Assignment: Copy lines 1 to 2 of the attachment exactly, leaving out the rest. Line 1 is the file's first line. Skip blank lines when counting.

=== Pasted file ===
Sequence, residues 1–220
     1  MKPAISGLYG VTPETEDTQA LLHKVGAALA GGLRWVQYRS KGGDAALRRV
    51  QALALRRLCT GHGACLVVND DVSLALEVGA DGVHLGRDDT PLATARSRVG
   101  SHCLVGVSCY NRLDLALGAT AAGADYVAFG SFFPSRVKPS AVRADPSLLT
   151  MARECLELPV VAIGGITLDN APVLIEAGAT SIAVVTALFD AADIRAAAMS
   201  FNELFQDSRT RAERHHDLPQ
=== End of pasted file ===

Sequence, residues 1–220
     1  MKPAISGLYG VTPETEDTQA LLHKVGAALA GGLRWVQYRS KGGDAALRRV